NEWCASTLE, ENGLAND. It has become increasingly apparent over the past five years that insulin-like growth factors (IGFs) play an important role in the proliferation of cancer cells. Now British researchers present evidence that they may be involved in the initial transformation of healthy cells into malignant cells as well. Recent research has also uncovered the fact that women with breast cancer tend to have higher levels of both insulin and IGF-I in their blood. Patients who suffer from acromegaly (abnormal increase in the size of hands, feet, and face) also tend to have increased IGF-I levels and are more prone to the development of colonic polyps (premalignant lesions often leading to colon cancer). Milk is a potent source of IGFs and IGF levels are higher in milk from cows treated with bovine growth hormone (BST). IGFs appear to be destroyed in the human gastrointestinal tract; however, researchers now admit that there is a possibility that IGFs from dairy products could be involved in cancers of the gastrointestinal tract.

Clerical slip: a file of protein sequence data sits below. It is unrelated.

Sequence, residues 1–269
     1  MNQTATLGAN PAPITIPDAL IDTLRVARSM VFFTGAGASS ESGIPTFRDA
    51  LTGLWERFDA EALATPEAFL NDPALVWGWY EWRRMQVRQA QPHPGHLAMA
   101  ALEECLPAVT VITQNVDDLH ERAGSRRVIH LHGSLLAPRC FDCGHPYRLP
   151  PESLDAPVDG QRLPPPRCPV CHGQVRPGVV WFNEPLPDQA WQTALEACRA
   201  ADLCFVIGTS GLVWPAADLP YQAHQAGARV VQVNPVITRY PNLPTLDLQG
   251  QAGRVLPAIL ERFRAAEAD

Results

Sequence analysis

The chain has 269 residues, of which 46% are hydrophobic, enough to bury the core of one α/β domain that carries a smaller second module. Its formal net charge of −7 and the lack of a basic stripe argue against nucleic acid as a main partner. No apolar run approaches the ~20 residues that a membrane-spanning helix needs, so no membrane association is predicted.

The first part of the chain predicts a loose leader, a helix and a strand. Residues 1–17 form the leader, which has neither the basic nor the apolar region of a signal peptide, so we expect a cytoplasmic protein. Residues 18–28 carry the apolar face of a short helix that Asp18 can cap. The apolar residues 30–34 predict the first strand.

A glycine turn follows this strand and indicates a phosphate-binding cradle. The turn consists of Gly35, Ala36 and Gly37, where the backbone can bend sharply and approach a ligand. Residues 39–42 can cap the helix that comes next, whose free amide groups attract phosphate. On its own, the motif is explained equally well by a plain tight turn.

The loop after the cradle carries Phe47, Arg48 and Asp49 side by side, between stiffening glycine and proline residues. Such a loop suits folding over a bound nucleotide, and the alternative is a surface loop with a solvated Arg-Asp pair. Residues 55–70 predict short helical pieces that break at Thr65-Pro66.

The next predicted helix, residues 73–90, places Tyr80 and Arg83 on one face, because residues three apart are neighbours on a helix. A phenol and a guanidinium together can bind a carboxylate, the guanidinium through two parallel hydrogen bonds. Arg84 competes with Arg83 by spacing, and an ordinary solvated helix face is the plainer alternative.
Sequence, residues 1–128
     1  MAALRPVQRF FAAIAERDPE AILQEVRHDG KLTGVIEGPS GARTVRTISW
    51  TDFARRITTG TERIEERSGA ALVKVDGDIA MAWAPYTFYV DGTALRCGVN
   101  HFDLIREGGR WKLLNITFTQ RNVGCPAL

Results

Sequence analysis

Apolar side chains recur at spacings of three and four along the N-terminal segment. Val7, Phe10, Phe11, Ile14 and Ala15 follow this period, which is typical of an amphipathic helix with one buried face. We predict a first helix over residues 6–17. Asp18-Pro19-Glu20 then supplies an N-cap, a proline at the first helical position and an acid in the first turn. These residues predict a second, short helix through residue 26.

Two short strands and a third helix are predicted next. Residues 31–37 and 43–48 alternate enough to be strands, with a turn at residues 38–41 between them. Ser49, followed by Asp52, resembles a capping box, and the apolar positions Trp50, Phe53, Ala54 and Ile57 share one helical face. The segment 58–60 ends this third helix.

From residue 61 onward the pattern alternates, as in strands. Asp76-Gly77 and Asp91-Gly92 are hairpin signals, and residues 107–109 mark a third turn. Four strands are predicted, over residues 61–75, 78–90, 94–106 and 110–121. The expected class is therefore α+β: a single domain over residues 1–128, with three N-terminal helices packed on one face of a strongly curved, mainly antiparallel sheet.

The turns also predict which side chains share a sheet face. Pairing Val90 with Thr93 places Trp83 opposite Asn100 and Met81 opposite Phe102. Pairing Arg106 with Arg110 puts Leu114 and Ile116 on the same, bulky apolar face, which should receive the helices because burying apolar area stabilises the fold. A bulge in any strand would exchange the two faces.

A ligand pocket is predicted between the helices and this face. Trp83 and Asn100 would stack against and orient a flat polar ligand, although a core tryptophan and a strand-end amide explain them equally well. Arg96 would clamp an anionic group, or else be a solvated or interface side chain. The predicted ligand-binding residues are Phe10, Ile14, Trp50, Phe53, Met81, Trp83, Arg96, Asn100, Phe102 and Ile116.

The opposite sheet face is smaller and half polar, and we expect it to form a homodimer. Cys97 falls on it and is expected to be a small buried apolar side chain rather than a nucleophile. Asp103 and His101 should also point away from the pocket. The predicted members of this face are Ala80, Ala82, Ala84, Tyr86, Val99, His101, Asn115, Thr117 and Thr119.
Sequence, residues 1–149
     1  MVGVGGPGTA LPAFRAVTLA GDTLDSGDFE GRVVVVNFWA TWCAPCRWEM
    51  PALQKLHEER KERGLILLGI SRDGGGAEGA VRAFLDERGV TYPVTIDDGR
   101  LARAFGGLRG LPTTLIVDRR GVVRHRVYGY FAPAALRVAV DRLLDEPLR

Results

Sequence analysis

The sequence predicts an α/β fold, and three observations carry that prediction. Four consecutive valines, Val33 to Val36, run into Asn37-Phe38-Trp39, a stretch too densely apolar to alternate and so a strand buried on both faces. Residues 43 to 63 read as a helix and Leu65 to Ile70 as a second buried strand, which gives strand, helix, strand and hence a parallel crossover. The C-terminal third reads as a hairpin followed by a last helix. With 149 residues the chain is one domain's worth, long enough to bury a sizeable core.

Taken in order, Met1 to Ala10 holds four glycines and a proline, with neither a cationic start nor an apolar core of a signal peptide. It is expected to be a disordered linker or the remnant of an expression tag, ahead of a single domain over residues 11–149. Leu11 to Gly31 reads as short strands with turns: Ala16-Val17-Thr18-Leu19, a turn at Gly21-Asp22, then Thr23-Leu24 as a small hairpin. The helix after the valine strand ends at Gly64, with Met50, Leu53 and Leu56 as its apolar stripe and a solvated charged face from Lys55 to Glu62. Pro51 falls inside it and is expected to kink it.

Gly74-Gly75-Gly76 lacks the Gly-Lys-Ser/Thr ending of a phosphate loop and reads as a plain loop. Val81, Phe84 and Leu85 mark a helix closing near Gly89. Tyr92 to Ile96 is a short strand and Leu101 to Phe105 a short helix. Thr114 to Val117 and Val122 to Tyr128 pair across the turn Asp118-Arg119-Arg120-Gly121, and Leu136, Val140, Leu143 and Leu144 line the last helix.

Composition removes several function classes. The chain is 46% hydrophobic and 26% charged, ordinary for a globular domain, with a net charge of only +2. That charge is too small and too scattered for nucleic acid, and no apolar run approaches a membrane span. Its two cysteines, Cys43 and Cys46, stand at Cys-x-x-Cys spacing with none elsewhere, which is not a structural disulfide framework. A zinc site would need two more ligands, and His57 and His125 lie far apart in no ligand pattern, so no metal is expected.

Westley, B.R. and May, F.E.B. Insulin-like growth factors: the unrecognised oncogenes. British Journal of Cancer, Vol. 72, No. 5, November 1995, pp. 1065-66

Free radicals implicated in spread of breast cancer